using the arrow buttons.
by clicking on the page.
the page around when zoomed in by dragging it.
the zoom using the slider when zoomed-in.
by clicking on the zoomed-in page.
by entering text in the search field, and select "This Issue" or "All Issues"
by clicking on thumbnails to select pages, and then press the print button.
displays sections with thumbnails and descriptions.
displays a slider of thumbnails. Click on a page to jump.
allows you to browse the full archive.
about your subscription?
Buddhadharma : Fall 2010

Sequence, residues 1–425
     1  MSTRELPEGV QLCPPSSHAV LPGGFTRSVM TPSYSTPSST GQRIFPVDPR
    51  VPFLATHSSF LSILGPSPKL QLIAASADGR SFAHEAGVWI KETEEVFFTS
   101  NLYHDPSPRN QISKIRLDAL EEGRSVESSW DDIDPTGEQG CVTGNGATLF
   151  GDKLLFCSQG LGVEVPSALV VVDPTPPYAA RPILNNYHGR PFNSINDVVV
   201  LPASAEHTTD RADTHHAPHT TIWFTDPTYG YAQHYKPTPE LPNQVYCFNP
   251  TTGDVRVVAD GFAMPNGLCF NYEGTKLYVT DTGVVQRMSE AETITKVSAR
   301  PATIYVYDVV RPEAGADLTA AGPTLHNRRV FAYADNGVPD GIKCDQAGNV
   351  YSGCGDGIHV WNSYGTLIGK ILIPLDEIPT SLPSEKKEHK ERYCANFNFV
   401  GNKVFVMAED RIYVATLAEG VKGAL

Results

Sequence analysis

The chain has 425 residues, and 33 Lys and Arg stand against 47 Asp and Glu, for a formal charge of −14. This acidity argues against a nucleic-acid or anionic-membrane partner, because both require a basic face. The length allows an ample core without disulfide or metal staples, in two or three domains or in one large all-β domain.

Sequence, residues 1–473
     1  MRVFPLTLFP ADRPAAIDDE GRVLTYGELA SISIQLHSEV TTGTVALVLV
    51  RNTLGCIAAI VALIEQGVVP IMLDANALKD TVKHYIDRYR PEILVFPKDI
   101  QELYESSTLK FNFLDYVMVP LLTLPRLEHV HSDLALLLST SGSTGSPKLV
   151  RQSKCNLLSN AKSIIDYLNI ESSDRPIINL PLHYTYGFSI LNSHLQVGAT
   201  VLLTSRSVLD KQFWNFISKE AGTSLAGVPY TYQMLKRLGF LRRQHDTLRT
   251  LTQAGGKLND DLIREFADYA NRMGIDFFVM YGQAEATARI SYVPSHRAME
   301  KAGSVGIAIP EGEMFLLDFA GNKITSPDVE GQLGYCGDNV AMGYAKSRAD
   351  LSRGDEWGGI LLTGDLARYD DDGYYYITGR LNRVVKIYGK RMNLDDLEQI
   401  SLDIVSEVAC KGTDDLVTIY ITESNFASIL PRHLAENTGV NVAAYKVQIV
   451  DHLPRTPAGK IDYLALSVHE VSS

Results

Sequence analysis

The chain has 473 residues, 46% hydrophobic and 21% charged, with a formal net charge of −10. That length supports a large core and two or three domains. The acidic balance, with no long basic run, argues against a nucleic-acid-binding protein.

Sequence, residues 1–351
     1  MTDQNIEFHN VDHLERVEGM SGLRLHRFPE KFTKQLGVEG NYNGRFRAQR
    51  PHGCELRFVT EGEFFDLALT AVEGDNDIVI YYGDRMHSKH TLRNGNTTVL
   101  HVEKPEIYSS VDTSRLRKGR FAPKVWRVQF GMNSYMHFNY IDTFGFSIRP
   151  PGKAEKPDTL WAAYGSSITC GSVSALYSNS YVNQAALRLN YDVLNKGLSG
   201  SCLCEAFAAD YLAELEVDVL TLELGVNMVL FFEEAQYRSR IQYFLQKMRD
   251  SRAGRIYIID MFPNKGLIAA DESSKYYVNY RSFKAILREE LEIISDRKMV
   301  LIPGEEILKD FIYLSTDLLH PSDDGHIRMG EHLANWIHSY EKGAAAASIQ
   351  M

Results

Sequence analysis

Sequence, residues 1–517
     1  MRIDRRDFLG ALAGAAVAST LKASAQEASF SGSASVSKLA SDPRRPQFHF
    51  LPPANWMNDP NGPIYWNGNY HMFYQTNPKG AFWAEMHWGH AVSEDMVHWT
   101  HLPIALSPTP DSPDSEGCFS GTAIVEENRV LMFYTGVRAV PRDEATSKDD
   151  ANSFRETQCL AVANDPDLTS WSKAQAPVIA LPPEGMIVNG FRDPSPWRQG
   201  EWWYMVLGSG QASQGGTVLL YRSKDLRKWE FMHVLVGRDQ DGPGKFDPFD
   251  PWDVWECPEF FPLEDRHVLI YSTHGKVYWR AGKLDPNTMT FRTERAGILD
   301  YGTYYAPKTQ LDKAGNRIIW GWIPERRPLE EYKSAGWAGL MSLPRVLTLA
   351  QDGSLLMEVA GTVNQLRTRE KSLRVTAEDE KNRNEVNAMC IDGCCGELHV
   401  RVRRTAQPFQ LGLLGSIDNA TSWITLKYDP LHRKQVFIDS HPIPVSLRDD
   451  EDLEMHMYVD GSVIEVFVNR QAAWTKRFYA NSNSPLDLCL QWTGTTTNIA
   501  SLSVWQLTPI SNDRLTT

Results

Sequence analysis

23 FALL 2 01 0 buddhadharma: the practitioner’s quarterly send your questions by mail or to firstname.lastname@example.org nArAyAn Liebenson grAdy: This is a question that has befuddled countless practitioners and scholars. If there is no self, then what is reborn? In countries where Buddhism is the predominant religion, rebirth is simply accepted as a fact of life, whereas from a Western perspective it requires a huge leap of faith. I am aware that my own belief in rebirth, as intuitive as it may feel, is still a belief and can’t be proven until I die. It is possible I’ll be surprised. Fortunately, the teachings are not meant to be believed blindly but rather taken as arenas of inquiry. They allow us to investigate the causes of suffering as well as the path to end suffering. In the Middle Length Discourses, the Buddha says we need only understand the four noble truths, no matter how interesting other questions might be. The Buddha didn’t try to prove that there was such a thing as rebirth. He simply recounted what hap- pened on the night of his awakening, which is that he saw endless past births and deaths. By the end of the evening, he knew the cycle of suffering had ended. If we trust the Buddha, and if we trust in the teachings that have served us thus far, we may also be able to trust the story of the Buddha’s awakening and take it as our story as well. The Buddha refused to answer the question about whether there is a self. What he did say is that this mind–body process cannot be clung to as being “me,” “mine,” or “myself.” The Thai teacher Buddhadasa said that being concerned with future lives is for simple-minded Buddhists, because what matters is “ending the rebirth of the ego. It will keep being reborn in mind–body in your daily life until there is the realization of the emptiness of ‘I ’ and ‘my’.” Buddhadasa emphasized the necessity of seeing into the emptiness of “I” and “my” right here and now. So from one point of view, there may indeed be past and future lives. But from another point of view, it doesn’t really matter. What breaks the cycle of Ask The TeAchers Zenkei bLAnche Hartman is former abbot of the San Francisco Zen Center GesHe tenZin WanGyal rinpocHe is a lineage holder of the Bön Dzogchen tradition of Tibet narayan liebenson Grady is a guiding teacher at Cambridge Insight Meditation Center QuesTion: The doctrine of no-self seems to contradict the idea of rebirth. Did the Buddha address this contradiction? How do teachers reconcile this when teaching students like me who’ve grown up with a modern Western mindset? (leFt-right):bArbArAWenger,mAryeLLenmccourT,mAryLAng